The man accused of murdering PC Keith Blakelock during the Tottenham riots nearly 30 years ago has been cleared of the crime.

Nicky Jacobs was today found not guilty of charges relating to the murder of the police constable during the Broadwater Farm Riots in October 1985.

Pc Blakelock was attacked by an armed mob after his unit was deployed to protect firefighters tackling a blaze on the estate. 

Jacobs, who was 16 at the time, has been on trial at the Old Bailey for the last six weeks accused of being one of the rioters who together stabbed the officer more than 40 times and tried to decapitate him.

Jacobs denied murder and there were cheers from the public gallery as the verdicts were returned by the jury of five women and seven men, who took just six hours to clear the 45-year-old.

Jacobs stood up, held his head in his hands and punched the air as the verdicts were delivered.

Later he sat down and sobbed before being taken from the dock.

His supporters in the public gallery, who included Winston Silcott, whose conviction for the murder of PC Blakelock was quashed in 1991, shouted "yeah, yeah" and called out "brother, brother".

PC Blakelock's family looked distraught - one of his three sons held his head in his hands, while his widow, Elizabeth, left the court in a hurry soon after the verdicts were delivered.

Courtenay Griffiths QC, for the defence, said outside the courtroom: "I'm delighted, I think the jury reached exactly the right verdicts. Now I have to go and see my client."

Jacobs's prosecution followed an earlier trial in 1987, in which three men were convicted of the murder but later freed on appeal.

During the course of three separate investigations, a controversial decision was made to give immunity to so-called "kickers" - those who were involved in the attack but did not use weapons - in exchange for their co-operation.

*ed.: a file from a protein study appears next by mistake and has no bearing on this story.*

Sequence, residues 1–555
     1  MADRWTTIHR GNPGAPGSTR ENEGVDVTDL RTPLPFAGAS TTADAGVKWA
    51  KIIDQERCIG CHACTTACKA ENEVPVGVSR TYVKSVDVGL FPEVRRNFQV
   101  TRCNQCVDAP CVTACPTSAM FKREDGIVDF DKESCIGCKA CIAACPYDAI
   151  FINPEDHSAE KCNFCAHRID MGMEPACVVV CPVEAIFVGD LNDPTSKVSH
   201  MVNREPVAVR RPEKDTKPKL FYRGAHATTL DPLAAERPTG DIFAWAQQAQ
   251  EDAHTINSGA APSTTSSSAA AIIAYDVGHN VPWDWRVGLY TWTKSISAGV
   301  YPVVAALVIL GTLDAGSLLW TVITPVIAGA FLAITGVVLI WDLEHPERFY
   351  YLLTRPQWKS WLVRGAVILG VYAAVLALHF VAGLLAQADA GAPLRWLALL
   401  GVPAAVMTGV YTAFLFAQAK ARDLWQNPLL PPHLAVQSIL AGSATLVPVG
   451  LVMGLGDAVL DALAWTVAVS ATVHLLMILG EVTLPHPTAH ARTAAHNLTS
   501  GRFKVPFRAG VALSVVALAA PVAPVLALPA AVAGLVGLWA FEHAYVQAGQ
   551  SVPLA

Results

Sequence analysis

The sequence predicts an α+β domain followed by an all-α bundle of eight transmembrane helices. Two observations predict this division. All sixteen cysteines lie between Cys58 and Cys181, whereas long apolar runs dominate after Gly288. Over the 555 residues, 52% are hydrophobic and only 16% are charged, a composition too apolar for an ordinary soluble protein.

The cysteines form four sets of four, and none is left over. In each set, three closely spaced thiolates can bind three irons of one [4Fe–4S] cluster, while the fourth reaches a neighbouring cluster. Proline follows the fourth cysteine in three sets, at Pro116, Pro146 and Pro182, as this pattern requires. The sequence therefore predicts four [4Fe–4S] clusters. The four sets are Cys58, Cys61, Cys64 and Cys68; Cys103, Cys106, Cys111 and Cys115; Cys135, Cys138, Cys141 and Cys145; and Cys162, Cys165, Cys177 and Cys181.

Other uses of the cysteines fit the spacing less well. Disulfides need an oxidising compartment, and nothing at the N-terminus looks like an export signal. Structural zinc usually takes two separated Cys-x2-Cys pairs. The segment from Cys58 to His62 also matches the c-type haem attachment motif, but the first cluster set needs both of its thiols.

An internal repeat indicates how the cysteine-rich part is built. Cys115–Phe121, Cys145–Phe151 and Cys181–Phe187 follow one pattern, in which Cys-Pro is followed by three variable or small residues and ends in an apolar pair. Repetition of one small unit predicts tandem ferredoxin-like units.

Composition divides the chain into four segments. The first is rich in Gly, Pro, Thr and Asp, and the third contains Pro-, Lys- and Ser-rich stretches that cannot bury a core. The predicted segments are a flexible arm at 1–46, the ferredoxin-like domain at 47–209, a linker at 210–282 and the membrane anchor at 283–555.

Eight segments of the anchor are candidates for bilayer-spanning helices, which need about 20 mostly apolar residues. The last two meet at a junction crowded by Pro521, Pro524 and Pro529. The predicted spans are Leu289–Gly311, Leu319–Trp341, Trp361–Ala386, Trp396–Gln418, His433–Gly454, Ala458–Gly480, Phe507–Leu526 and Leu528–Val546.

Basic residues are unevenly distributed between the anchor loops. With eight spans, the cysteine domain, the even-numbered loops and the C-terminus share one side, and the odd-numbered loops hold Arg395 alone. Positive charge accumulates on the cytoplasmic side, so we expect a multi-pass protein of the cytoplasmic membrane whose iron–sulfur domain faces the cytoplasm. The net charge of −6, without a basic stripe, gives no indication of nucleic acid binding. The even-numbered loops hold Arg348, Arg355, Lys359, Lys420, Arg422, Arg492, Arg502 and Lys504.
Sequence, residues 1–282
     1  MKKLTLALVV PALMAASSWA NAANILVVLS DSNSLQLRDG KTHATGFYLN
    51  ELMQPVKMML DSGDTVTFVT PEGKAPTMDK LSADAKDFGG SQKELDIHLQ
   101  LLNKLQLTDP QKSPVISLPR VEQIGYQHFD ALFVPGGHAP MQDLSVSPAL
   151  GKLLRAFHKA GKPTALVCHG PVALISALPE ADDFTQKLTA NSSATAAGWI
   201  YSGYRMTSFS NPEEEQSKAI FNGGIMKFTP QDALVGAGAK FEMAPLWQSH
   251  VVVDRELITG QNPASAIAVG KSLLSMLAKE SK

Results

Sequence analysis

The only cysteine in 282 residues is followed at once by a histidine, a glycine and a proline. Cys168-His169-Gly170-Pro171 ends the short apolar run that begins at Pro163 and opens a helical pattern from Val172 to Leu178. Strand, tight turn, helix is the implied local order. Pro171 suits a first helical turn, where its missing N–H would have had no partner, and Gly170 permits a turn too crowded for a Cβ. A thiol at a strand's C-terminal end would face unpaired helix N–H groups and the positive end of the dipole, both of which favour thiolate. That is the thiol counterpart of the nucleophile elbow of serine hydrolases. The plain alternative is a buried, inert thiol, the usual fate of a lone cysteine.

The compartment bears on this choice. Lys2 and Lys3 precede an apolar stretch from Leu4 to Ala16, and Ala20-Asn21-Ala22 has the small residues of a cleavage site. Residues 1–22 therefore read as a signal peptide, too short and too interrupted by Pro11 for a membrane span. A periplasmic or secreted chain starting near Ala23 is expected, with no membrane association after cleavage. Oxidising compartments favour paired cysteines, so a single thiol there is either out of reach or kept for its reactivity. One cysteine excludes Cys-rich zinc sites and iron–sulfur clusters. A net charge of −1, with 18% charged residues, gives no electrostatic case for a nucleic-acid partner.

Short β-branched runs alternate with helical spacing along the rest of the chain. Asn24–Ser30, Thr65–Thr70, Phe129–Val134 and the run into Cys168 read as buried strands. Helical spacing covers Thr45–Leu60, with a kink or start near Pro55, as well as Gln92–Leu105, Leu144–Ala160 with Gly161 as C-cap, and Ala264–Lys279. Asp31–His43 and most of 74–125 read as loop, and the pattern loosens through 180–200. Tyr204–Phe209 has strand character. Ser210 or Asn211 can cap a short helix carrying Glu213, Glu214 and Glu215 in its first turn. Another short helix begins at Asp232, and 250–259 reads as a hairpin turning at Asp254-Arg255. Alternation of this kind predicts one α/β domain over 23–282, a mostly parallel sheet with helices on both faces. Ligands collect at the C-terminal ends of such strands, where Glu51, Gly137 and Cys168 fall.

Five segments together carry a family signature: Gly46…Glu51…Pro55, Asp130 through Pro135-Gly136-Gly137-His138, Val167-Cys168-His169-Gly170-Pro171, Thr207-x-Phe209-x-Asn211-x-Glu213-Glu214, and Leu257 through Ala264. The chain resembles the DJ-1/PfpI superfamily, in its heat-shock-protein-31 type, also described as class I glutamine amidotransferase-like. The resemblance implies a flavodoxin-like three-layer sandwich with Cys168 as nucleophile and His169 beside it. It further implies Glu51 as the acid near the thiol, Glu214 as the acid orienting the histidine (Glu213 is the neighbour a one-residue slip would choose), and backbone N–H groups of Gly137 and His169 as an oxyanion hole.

Among them were the prosecution witnesses given the pseudonyms Rhodes Levin and John Brown, who both admitted kicking PC Blakelock.

Some of the witnesses also received payments from police for their co-operation, the jury was told.

Police claim these payments were to do with witness protection and insisted that witnesses were willing to testify, regardless of of whether or not they recieved any money.

Mr Brown said he saw Jacobs use a machete in the attack, but under cross examination admitted he thought all black people looked alike.

Rhodes Levin, a drug dealer with convictions for selling heroin and crack cocaine, told the investigation in the early 1990s that he had seen Jacobs with a ''fairly small knife''.

The final anonymous witness, Q, said he was not involved in the riots, but told the court he saw Jacobs attack PC Blakelock with a "tool" in a "stabbing motion".

The court heard he was a cousin of John Brown with a long history of drink and drug problems.

He was accused by Mr Griffiths of being a "fantasist" and of being put up by his cousin to tell lies - which he denied.

Mr Griffiths dismissed all three witnesses' evidence as "bereft of coherence, riddled with lies, incoherent and contradictory".

Other evidence presented to the court included a rap poem Jacobs wrote in custody about the murder.

The poem read: ''Me have de chopper we have intention to kill an police officer PC Blakelock de unlucky f***er him dis an help de fireman."

Faced with this, Mr Griffiths said: "Bob Marley wrote I Shot The Sheriff but I have not heard of him being put on trial for murder."

The Old Bailey trial also heard that in May 2000 Jacobs was arrested and told a police officer: "F*** off, I was one of them who killed Keith Blakelock."

The court heard how the riots erupted the day after a suspect's mother, Cynthia Jarrett, had a heart attack and died during a police search of her Tottenham home.

It followed weeks of tension and concerns that ''individuals were planning public disturbances'' in the borough of Haringey.

Prosecutor Richard Whittam QC said the riots were more ''sinister'' than the later ones in 2011, and at least some rioters were intent on killing a police officer.

PC Blakelock was among a group of uniformed officers who came across a ''very large group'' of rioters, many armed with an assortment of weapons, the court heard.

He and PC Richard Coombes were set upon by a crowd of rioters shouting "kill the pig", the court heard.

The attack on PC Blakelock was "without mercy", his helmet came off and there was an attempt made to decapitate him, jurors were told.

PC Coombes survived.

PC Blakelock's widow Elizabeth Johnson attended the trial with her sons as the harrowing details of her husband's death were retold.

Supporters of Jacobs also listened from the public gallery and regularly protested with banners outside the court.